GFF and OIWD canceled due to COVID-19

    The 2020 Grape and Fall Festival (GFF) and Old Iron Works Days (OIWD) have both been canceled due to COVID-19. The Fall Festival was scheduled for August, while Old Iron Works Days was to be held in October.


    On Saturday, the St. James Chamber of Commerce Board of Directors announced the cancellation of GFF, siting public safety and cost concerns about putting on a large event this year where many residents would be interacting in groups.
    “This decision was not made by a few, but by a majority vote of the committee followed by a majority vote of the board,” Chamber President Beth Gardner explained. “This was not easy to decide and we had many moving parts to consider. Festivals in nature are an event of high risk and in this unprecedented year, the risk is just too high. We have to consider the health and safety of patrons and volunteers, as well as the financial risk involved.”
    She said the decision might be viewed as controversial, but the board and GFF committee felt it was the right decision this year and both want to be transparent to the community on why the decision was made.
    “We are all aware of the risks of spreading COVID-19 at larger gatherings. In light of the recent increase in positive cases in St. James, we cannot be certain that our community can safely gather together, nor can we predict the future restrictions that may be put in place if numbers continue to rise,” Gardner explained. “We must think of our community’s safety first and foremost. Not only would we be inviting our own citizens to gather in large groups where social distancing is difficult, but we would also be inviting vendors and workers from outside of our area, increasing the potential for outside exposure.”
    Gardner added, “Many employees associated with our event companies would be constantly traveling before coming into our small town and then coming into close contact with our citizens. Volunteers are often difficult to find and would be at a higher risk, as they would need to work closely with guests and vendors from all over. We can’t ask our citizens and volunteers to take these risks in order to support our event.”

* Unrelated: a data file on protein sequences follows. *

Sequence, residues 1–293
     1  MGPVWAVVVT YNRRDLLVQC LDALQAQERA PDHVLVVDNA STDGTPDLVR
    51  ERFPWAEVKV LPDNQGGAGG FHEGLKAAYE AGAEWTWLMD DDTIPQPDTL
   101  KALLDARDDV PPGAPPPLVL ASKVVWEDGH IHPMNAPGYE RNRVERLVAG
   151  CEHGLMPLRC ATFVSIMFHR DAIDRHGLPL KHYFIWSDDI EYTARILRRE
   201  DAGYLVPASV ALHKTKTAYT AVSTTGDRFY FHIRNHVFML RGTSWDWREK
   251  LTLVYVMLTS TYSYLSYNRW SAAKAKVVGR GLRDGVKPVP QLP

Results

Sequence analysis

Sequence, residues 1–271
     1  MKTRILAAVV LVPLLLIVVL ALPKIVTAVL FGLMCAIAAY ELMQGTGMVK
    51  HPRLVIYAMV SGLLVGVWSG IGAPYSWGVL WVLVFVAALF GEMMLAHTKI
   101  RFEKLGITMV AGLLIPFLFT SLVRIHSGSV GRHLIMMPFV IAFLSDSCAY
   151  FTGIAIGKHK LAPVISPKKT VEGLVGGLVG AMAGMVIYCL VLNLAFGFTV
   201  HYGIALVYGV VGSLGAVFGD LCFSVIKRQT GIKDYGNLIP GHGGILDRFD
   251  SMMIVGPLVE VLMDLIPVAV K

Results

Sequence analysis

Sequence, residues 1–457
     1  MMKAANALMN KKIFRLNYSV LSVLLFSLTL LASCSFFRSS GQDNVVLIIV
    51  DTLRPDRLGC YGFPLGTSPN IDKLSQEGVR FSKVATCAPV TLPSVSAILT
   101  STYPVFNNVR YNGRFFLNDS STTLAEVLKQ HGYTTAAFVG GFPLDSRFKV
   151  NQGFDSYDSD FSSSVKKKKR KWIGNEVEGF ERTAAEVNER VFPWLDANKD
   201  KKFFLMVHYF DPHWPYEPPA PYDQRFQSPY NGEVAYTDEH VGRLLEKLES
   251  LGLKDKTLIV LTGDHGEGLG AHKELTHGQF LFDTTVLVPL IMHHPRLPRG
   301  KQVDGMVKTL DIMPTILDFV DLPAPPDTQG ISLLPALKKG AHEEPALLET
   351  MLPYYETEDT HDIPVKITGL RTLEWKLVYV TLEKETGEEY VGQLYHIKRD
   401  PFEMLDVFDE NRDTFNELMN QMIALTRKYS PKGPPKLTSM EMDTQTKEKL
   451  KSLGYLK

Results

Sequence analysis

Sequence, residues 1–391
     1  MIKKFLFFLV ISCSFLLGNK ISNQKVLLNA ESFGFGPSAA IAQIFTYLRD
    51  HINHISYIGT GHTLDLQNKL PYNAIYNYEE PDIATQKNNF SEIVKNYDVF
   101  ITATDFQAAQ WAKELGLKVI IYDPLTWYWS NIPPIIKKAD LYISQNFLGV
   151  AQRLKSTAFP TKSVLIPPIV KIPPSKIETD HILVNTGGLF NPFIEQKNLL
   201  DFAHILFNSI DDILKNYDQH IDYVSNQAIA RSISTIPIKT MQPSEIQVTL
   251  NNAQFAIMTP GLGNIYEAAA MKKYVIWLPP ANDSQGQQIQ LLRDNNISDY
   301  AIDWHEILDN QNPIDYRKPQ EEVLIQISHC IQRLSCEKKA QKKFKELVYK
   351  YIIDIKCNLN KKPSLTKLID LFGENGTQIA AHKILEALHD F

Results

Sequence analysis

She also pointed to the financial risk to both the Chamber and patrons of the festival as it costs a lot of money to put on the event each year.
    “The Chamber receives income from only membership dues, events, and a percentage of the city’s tourism hotel bed tax. Due to statewide restriction orders, our fundraising events have been canceled and the bed tax is minimal. This leaves us to lean on sponsors and gate admission to cover the nearly $40,000 (not including any music concerts) in non-refundable expenses that may come with GFF,” she said.
    Gardener thanked the sponsors who supported holding this year’s event, “but we do not wish to gamble with their hard-earned money.” She added planning could have continued, but if the event had to be canceled closer to the date there could have been little refunded and “our sponsors money would go to waste.” Also, had there been little participation, the Chamber would have been left in a bad financial situation trying to cover costs associated with putting on the GFF.
    “We have a fiduciary responsibility to our members and sponsors to be good stewards of the funds we receive and this year’s festival would be too risky an investment,” she said. Gardner added the GFF committee will begin work on bringing the event back in 2021, which will be the Missouri Bicentennial, and hopes to make it the most memorable yet. There are still plans by the FFA and 4-H to hold a livestock show and sale off site and those plans will be announced when they are set.
    On Monday, Old Iron Works Days also became a casualty of COVID-19, with The James Foundation announcing this year’s event is canceled. “Due to the COVID-19 pandemic and resulting economic recession, we believe it is best to limit large events at the park this year. Although our organization weighed the pros and cons of continuing with the event, two issues kept coming to the forefront of discussion,” Regional Manager of The James Foundation Wes Swee said.
    “First, we are very concerned a larger gathering of people would be unsafe for our staff and visitors. This spring, The James Foundation was proactive in following CDC (Centers for Disease Control and Prevention) and statewide regulations to decrease potential exposure and to help flatten the curve,” Swee said.
    The park was reopened in May after shutting down for two months, with a slow reopening limiting the amount of people entering the park at a given time.
    “Our current procedures have been implemented for daily attendances ranging from 200 to 800 people per day. Roughly 5,000 people attended Old Iron Works Days each day and we think it is in the best interest of the staff, vendors, entertainers, volunteers, and patrons we postpone this event until next year,” Swee said.
    Swee also pointed to the cost associated with holding OIWD and how the coronavirus has financially affected the park as another reason for the cancellation.
    “Due to the loss of revenue from the park closure this spring, as well as delays to opening the campground, store, café, and museums, we are faced with many budget cuts to finish out the year. On perfect years, with great weather and high attendance, the park sees a small return on investment. The potential for low attendance and an already stressed fiscal budget makes it very risky to pursue large events, such as Old iron Works Days, this year.” Swee said.
    He added The James Foundation hopes to bring back OIWD and other special events to the park next year when things are, hopefully, returning to normal operation.

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